Photograph by Jorge Reyna

Photography as a Reflective Tool in Science Education

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by Jorge Reyna, Educational Designer working with the Faculty of Science at Macquarie University

Photography is more than a creative process

Photography is an exploration of light, colour, shape, texture, space, etc.  Composing images allows us to visualise possibilities, implications, applications and consequences. It fosters creativity and gives us the opportunity to have a closer look at objects, which we might otherwise not notice. It can also give us the opportunity to think deeply, hypothese, construct, deconstruct and reformulate ideas. Photography as a research tool has been under-appreciated and marginally used in the field of education and even less so in adult education (Taylor, 2002).

In my own experience, photography helps me to better understand nature and the world I live in, to appreciate diversity in society, capture special moments, share stories, experiences and inspirations and also stimulates my writing.

Photography is a form of art as teaching is in a way. The aim of teaching from my perspective is to trigger students’ positive emotions to  engage with their learning. This for me underpins good teaching practices and toward becoming an excellent teacher. So what does this mean from the learner perspective?

Letting students use photography to learn

The possibilities of using photography to learn about areas of science are numerous. For example, in botanic studies, taxonomic classification of plants can be challenging for students. Many scientific names and association of names with structures can be difficult for students to remember. So why not let students use their mobile devices to take pictures of plants and using the Instagram application, add comments and share with their peers. The beauty is that this can be done at their own time, location, etc.

In chemistry, when students are learning different types of chemical reactions, at home they can document with a picture chemical reactions, such as the classic eruption experiment mixing Diet Coke and Mentos. There are many resources on Google that students can find and experiment with.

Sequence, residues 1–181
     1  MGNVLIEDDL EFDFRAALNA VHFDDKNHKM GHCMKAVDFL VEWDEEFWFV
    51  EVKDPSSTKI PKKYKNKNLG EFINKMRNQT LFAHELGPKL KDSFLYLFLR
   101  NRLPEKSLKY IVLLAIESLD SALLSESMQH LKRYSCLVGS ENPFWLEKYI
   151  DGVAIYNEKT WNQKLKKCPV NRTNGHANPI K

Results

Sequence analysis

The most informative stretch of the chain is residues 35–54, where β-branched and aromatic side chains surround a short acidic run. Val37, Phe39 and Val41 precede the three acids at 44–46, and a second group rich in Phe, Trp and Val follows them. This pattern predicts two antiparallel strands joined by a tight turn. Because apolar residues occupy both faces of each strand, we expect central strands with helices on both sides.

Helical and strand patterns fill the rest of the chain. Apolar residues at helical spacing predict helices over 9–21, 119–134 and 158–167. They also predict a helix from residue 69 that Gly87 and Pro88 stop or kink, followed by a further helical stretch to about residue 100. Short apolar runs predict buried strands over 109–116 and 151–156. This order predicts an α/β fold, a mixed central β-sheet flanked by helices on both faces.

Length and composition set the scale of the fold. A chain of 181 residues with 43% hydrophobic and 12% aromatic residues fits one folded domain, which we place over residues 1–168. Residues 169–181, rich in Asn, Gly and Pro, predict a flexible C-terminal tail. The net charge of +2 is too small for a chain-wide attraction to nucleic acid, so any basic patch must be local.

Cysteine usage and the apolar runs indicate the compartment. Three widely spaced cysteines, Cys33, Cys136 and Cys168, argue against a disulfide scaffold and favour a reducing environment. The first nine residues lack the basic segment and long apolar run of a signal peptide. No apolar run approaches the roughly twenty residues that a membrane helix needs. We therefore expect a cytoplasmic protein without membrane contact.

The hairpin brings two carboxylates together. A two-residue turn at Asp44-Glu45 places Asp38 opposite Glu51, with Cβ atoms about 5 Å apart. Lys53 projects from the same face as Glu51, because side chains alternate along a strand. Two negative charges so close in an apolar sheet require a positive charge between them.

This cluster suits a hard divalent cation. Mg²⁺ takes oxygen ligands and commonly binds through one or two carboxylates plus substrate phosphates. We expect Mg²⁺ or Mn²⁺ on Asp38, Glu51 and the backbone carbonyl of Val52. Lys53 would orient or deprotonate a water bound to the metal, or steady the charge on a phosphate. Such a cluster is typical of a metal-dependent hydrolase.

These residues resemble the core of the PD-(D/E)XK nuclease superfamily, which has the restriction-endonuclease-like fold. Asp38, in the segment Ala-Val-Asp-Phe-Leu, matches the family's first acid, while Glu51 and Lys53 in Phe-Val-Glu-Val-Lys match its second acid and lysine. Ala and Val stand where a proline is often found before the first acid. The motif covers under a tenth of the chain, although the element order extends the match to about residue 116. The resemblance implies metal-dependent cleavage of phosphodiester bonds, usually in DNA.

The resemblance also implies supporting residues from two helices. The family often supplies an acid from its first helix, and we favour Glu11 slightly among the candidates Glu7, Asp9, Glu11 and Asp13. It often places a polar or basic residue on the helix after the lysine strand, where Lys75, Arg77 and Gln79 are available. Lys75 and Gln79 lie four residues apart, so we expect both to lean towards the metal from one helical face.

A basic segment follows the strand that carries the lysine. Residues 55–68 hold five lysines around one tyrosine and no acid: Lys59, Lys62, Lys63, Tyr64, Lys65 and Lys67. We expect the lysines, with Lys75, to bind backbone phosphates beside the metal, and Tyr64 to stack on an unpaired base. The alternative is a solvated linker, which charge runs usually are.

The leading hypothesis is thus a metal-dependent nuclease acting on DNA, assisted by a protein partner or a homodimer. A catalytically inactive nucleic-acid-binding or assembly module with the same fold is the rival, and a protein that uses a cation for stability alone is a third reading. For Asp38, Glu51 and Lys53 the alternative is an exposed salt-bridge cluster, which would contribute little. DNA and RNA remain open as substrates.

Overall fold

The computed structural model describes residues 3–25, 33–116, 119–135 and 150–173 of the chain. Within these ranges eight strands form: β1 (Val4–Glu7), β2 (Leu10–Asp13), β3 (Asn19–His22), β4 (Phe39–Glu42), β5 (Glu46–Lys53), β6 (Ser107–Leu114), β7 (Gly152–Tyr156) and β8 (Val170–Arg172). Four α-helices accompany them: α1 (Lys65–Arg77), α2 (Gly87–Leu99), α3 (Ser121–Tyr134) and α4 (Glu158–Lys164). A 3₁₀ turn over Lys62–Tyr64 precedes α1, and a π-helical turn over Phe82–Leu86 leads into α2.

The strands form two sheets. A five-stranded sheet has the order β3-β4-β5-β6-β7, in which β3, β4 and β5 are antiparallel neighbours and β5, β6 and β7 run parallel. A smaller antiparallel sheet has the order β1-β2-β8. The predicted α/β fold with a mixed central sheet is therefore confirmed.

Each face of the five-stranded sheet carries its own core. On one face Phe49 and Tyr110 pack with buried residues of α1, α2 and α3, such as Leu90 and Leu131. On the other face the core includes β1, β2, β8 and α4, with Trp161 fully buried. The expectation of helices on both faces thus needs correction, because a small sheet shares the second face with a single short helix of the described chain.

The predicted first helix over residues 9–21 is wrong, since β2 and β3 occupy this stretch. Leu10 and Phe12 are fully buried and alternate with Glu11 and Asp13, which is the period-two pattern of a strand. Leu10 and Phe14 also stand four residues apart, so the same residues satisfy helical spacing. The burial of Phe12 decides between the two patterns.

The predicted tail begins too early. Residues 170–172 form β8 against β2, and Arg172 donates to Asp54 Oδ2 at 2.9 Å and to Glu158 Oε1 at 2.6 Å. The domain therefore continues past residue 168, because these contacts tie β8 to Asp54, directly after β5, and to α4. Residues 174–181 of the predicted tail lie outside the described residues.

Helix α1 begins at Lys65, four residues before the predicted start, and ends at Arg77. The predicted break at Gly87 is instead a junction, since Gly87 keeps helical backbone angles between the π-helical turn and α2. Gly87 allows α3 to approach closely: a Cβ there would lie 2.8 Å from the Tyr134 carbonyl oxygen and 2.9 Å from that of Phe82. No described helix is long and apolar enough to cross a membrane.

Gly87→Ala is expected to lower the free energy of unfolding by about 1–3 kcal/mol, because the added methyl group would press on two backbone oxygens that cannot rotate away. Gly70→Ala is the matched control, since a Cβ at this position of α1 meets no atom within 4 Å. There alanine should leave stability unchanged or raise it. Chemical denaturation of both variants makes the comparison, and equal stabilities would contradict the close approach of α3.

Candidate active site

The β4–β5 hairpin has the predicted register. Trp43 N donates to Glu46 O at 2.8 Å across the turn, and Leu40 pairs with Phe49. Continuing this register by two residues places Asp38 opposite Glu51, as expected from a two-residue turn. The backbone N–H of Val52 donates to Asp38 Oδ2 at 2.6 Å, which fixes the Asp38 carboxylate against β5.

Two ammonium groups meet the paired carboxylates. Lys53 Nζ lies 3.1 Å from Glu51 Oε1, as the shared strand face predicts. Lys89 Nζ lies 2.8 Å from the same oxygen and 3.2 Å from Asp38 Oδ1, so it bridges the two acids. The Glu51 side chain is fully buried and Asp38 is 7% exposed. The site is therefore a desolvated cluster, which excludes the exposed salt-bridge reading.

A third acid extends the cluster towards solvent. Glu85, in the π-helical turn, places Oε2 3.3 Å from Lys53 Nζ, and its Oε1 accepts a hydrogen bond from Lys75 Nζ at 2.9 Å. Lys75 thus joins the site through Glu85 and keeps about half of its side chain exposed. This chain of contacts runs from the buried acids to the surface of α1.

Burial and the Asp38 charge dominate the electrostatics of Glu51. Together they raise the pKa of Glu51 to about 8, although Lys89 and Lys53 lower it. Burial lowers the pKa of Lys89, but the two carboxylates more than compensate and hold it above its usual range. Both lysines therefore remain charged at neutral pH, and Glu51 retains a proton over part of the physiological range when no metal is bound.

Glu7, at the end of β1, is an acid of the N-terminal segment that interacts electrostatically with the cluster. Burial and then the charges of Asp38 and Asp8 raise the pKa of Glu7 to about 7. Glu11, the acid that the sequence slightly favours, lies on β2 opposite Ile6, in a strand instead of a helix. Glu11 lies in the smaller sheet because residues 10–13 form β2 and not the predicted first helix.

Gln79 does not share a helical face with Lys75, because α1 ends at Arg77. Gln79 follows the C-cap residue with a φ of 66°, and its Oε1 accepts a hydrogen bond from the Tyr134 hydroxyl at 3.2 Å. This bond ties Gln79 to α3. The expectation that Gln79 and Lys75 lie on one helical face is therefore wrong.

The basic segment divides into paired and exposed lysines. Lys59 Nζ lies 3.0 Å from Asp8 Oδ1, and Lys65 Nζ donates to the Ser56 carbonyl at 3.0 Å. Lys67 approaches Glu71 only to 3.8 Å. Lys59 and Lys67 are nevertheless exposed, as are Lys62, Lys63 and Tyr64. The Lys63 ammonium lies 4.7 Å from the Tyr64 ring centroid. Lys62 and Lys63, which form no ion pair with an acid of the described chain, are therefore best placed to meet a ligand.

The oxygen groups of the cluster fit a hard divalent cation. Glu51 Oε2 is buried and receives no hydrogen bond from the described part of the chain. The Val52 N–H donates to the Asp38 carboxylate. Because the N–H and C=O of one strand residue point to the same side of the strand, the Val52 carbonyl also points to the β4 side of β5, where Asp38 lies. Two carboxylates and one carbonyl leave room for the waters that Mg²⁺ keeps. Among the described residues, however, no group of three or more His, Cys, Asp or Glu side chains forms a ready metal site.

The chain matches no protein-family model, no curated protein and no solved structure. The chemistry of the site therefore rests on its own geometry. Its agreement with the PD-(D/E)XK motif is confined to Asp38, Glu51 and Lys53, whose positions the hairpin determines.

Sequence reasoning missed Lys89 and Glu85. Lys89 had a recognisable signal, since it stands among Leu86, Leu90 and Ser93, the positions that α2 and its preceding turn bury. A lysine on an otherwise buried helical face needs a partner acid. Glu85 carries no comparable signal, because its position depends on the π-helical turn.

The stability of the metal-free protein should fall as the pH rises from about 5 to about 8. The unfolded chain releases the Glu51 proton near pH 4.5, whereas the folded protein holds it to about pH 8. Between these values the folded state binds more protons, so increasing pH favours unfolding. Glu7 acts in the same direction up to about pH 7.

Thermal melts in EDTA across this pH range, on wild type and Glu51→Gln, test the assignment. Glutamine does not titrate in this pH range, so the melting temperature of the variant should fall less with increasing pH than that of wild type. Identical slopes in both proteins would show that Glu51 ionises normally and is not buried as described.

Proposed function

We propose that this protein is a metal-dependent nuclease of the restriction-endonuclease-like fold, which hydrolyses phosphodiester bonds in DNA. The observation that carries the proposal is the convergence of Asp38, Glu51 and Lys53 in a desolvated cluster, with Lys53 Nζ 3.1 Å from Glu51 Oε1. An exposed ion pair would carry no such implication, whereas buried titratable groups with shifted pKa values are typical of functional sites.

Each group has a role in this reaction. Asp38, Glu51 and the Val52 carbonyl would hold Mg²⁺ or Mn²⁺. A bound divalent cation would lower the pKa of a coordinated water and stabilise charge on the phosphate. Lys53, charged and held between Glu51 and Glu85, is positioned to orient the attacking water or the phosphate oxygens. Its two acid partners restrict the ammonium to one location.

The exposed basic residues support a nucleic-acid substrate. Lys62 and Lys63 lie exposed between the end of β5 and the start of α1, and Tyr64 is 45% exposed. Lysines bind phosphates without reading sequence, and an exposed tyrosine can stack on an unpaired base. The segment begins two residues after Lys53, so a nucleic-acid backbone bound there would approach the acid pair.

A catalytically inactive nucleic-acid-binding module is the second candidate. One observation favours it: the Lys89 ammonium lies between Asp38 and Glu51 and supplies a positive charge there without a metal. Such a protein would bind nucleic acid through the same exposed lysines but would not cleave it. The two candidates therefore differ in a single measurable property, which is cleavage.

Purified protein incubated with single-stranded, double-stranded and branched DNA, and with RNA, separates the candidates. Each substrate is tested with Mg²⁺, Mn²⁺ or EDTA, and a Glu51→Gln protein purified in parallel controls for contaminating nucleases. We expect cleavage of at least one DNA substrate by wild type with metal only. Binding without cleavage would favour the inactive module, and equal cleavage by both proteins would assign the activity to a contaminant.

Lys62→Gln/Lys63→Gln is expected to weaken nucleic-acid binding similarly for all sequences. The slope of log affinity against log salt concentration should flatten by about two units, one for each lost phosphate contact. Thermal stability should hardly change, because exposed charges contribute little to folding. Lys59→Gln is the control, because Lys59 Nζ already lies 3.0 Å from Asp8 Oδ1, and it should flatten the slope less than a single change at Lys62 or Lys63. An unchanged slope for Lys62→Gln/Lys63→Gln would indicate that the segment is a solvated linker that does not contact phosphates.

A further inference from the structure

In physics, for example, emissivity of the surface of a material is difficult to observe at room temperature as this light is in the infrared spectrum. Thanks to infrared cameras on mobile devices, students can explore this phenomenon. Additionally, many photo-editing applications have an infrared filter that can be used. These applications are not accurate but they can help students to understand and reinforce their understanding of the concept.

In marine ecology, students can explore underwater ecosystems and identify different species and see them in their habitats. They can use their mobile devices with a waterproof bag that can be bought cheaply. They can post it on Twitter to share and comment with the rest of their classmates and learn in a constructive manner.

In geology, students can identify different types of rocks in the field and share with their peers using the FlickR photosharing application. In cities and planning units, students can engage with concepts such: urban growth, densities and regeneration, housing, urban cultures, etc., exploring this using photography. These are just a few ideas. You know your discipline, I am sure you will come up with your own ideas.

Photography and achievement

Photography in this case is giving students the opportunity to reflect, reinforce and remember what they have learnt in the classroom. It could be a vehicle to link theoretical concepts with everyday life while having fun. These approaches can help them to apply higher order thinking processes, improve problem-solving skills, promote teamwork and collaboration and possibly be exposed to other ways of thinking. In this case, learning is happening alongside the classroom.

Things to consider before including a phographic task in your unit

Some important considerations to take into account: (1) Include a learning outcome in your unit about applying technology in the area of study; (2) Ensure students are aware of the reason for the task and what is the benefit to them; (3) Give students a choice of applications to work with, instead of imposing what they need to use. Of course, these applications need to support the platform you want them to share such as FlickR, Instagram, Twitter and so on; and (4) Last but not least, make sure the students have access to mobile devices.

Don’t forget to contact your Educational Designer to ask for support: ilearn.help@mq.edu.au

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